Coruscant’s planet wide city is such an interesting concept and the ever present speeders clogging the airwaves and Las Vegas like florescent lights in the night scenes really helps provide a distinct and memorable setting.
Kamino is my favorite though with the rain-drenched planet contrasting the pure white brilliance interiors of the Kamino clone facility.
While it’s hard to top The Imperial March or Duel of the Fates, John Williams’ score, particularly Across the Stars, is exceptional and one of my favorite of the series. Star Wars Episode II: Attack of the Clones – Original Motion Picture Soundtrack
The machinations of the series’ main villain continue undetected due to the massive diversion of the separatists. This subtle story arc is unquestionably one of the aspects of the prequels Lucas handled perfectly.
I appreciated Lucas benching Jar Jar Binks for much of the movie, only using the reviled character as the unwitting pawn that sows the seeds for The Empire.
Jar Jar was never going to be the charming, lovable comedic character Lucas envisioned and against the odds, AOTC manages to make him somewhat sympathetic.
Lucas and co-screenwriter Jonathan Hales had to keep the mystery intact, but I wouldn’t have complained if Dooku and Jango, two of the series’ better villains, had more screen time. And seriously, Christopher Lee as a Sith Lord is just amazingly inspired casting.
On the action front, Lucas doesn’t just wait until the final act to bring some excitement kicking off the film with a chase sequence, the first extended Jedi vs. bounty hunter battle leading to that spectacular final act on Geonosis.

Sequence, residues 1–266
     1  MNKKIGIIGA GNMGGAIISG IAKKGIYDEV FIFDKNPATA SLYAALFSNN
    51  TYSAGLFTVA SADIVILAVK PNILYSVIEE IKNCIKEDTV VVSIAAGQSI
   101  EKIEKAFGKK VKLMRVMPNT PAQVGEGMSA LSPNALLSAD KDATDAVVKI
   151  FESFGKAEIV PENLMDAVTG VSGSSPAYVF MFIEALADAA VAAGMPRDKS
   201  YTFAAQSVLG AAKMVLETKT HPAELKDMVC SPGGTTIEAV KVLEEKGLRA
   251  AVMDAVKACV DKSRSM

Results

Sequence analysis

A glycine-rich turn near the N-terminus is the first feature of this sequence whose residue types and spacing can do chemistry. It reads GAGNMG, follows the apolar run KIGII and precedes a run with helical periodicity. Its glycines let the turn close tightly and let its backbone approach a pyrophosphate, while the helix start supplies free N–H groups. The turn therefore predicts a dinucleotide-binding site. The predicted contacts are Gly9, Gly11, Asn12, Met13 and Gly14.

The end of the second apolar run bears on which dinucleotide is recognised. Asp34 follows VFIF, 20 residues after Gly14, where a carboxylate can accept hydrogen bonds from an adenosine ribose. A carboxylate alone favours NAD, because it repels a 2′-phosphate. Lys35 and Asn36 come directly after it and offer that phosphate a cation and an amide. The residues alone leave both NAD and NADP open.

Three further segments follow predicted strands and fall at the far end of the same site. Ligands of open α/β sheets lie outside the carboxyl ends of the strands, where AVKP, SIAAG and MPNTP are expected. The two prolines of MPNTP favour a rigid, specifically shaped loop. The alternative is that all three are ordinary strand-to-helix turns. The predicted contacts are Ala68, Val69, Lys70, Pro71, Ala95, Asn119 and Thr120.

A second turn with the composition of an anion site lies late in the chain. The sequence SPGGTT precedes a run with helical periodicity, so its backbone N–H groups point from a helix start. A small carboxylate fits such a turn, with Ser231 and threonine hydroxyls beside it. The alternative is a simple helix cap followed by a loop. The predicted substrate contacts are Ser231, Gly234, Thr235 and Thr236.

Seeing the Clone Wars unfold on the big screen is an impressive sight reflecting a massive improvement over the inconsistently CGI creatures from earlier in the film.
The Geonosis Arena Battle also helped to underscore the importance of the Clone Army. The Jedi prove more than capable battling several hundreds of the duck-billed battle droids and the souped up super battle droids, but dealing with several thousand? All it takes is one stray laser blast for a Jedi to fall.
With Jar Jar on the sidelines, Lucas still wanted to provide some element of humor so he put C-3P0 in that role of forced, goofy comic relief.
While 3P0’s adventures in the droid factory are kinda fun, intercutting his zany mishaps in getting his head back on his body against the very serious battle in the arena is a major clash in tone.
As with a good portion of AOTC, 3P0’s disassembled body sequence was a callback to Empire Strikes Back, but this was one that definitely didn’t work in the context.
Thankfully, the final action sequences are taken far more seriously with the clones wrecking havoc and Dooku having lightsaber duels with both Obi-Wan and Anakin before his surprising, film-stealing duel with Yoda.
More than any other film in the saga, Attack of the Clones ends on an ominous, foreboding note and its follow-up makes good on all of those promises.
Rating: 8.5 out of 10